I surveyed the developers of a half-dozen of my favorite iPhone apps, and found two who said they plan to be on the iPad immediately, while others are hanging back until they can get their hands on the device.
The iPad is scheduled to go on sale in 11 days, April 3. When it ships, the 100,000-plus apps in the iPhone App Store will be compatible with the new device. However, the iPhone apps might appear awkward on the iPad, because the iPad has a much bigger screen than the iPhone. Native iPhone apps can either be stretched to fill the iPhone screen, or run in a small, iPhone-sized window.
Likewise, the iPhone apps might be awkward to use, because they're designed for the smaller touchscreen.
That means developers will have to get to work building apps designed specifically for the iPad.
Here's what some developers had to say about their plans:
1Password: Agile Web Solutions, which makes the password-management app, plans to have an iPad version available April 3, said co-author David Teare.
The 1Password vendor, like other developers, can't guarantee the app will be available April 3 -- or at all. But Apple has set a deadline of March 27 for submitting to the App Store in time to have apps available on launch day, and the 1Password vendor plans to hit that deadline.
The iPad version will be free to existing users of 1Password Pro. Agile Web Solutions also plans to add support for MobileMe synching, "so people can sync all their devices to the cloud and not have to worry about manually syncing each device," Teare said.
Things: Developer Cultured Code plans to have the to-do list app available April 3, said Michael Simmons, director of business development and marketing. The vendor provided this funk-a-delic sketch of what the app will look like:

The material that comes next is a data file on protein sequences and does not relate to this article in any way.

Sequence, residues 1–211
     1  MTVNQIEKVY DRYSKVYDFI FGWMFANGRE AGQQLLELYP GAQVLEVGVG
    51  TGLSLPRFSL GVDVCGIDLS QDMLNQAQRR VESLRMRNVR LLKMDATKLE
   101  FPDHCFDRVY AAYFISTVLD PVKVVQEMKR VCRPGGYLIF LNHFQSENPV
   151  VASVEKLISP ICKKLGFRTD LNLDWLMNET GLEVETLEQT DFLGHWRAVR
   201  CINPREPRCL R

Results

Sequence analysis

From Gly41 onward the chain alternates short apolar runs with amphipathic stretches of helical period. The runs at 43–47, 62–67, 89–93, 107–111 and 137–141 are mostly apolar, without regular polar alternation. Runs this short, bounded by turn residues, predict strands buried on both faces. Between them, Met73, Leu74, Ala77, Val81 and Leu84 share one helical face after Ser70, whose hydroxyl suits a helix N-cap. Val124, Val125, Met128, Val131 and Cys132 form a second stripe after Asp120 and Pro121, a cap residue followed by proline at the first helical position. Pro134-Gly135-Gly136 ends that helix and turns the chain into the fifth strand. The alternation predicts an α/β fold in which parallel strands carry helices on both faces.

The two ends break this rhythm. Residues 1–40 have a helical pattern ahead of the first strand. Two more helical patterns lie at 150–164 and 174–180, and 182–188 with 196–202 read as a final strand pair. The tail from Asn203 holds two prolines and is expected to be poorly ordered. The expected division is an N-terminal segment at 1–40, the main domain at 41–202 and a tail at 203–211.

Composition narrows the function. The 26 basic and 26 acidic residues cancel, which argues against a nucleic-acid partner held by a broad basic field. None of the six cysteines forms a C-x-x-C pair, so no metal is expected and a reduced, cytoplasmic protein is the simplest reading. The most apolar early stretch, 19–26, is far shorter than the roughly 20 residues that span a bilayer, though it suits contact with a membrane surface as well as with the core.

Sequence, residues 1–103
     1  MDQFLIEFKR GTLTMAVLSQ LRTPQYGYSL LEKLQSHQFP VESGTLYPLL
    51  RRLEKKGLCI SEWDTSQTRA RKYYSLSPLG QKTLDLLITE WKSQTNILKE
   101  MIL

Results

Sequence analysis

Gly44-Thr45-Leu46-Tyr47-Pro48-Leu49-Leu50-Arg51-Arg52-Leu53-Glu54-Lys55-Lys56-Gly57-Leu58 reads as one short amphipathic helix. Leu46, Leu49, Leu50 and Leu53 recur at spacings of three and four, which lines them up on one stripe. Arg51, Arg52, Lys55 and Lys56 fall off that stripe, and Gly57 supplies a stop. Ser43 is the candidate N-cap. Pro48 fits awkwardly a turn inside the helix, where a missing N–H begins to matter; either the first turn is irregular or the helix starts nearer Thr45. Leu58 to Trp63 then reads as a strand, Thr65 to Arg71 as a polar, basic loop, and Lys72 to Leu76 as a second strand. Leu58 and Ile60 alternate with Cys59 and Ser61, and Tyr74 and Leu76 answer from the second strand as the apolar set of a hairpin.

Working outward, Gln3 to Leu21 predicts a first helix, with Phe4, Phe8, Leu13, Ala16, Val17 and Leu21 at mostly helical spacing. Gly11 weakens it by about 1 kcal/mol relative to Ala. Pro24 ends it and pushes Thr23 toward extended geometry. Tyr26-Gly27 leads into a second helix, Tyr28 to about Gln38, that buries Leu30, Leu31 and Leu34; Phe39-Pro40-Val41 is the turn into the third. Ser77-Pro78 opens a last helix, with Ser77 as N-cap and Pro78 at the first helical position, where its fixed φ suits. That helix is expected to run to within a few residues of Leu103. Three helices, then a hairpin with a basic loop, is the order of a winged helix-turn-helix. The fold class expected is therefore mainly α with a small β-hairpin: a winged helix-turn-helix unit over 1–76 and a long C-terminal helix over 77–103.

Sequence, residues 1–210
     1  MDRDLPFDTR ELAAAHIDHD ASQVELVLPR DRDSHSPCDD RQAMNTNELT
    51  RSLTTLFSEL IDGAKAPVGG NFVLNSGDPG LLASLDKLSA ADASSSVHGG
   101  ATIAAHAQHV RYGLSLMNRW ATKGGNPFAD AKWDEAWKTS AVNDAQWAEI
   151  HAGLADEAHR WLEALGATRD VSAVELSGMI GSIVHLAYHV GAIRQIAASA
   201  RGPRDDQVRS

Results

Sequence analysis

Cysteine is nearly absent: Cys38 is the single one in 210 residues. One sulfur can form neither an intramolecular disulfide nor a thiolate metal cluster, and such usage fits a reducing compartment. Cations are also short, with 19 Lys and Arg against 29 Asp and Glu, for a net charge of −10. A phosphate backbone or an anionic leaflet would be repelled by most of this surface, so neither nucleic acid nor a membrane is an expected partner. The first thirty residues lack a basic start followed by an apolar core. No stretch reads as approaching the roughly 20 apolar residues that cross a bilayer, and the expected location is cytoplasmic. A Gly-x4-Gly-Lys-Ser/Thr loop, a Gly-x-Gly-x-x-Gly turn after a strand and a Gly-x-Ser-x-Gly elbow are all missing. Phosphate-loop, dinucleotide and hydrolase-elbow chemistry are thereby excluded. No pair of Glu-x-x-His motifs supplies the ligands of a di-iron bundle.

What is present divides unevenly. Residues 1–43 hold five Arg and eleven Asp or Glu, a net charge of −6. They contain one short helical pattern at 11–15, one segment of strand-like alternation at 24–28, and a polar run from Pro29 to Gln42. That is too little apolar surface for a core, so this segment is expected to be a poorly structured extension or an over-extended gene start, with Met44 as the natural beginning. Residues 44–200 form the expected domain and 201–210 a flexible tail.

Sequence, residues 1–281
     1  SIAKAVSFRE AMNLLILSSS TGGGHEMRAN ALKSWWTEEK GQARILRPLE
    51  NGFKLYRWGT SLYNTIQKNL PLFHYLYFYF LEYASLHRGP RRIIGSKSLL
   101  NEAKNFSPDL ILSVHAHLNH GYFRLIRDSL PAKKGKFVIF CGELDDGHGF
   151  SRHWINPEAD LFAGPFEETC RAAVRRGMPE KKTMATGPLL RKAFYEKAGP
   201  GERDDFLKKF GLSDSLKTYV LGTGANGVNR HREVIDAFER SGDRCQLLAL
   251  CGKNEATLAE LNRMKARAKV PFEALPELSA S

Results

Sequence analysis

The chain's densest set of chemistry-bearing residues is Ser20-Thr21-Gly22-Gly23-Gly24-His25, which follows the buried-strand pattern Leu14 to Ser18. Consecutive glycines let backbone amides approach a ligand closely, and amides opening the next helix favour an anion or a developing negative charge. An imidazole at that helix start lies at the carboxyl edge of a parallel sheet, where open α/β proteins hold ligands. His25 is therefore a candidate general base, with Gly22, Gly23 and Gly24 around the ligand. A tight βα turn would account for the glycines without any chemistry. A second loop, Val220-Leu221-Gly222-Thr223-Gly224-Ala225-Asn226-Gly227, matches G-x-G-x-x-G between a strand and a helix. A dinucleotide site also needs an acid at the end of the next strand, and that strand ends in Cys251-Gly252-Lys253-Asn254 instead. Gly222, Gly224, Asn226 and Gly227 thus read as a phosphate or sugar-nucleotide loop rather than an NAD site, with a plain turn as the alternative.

Instapaper: Marco Arent, developer of the app for downloading articles from the Web and reading on the iPhone offline, said he is working on an iPad version, but will probably not have it ready in time to ship April 3. The first version for the iPad will basically be a bigger-display version of the existing iPhone app, he said. "The first version will have no surprises, and no new features that aren't in the iPhone version. The interface isn't very different, either. It's going to be very version-one, with better tweaks and interface redesigns coming after I get accustomed to using the iPad in real life," Arent said in an e-mail.
Simplenote: Cloud Factory, which makes the memo pad app, plans an iPad app, but doesn't know when it will be available, said founder Michael Johnston. "Unfortunately, it's tricky to design effectively without a real device in our hands," Johnston said. "We have a version of Simplenote that works with the iPad simulator, but our instinct is that it's not going to feel right on actual hardware. This, combined with being busy working on some new features, means we're likely going to wait until we can do some design iterations on actual devices before we submit Simplenote for iPad."
Pastebot: Vendor Tapbots, which makes the software for enhancing the iPhone's cut-and-paste, is hanging back until they can get direct iPad experience. That also applies to Tapbots' other apps: Weightbot, a health and fitness app for recording weight loss; Convertbot, for unit conversions; and a fourth app still being developed.
Tweetie: The Twitter client will not be available April 3, the day the iPad becomes available, "but it's coming," said developer Loren Brichter in an e-mail.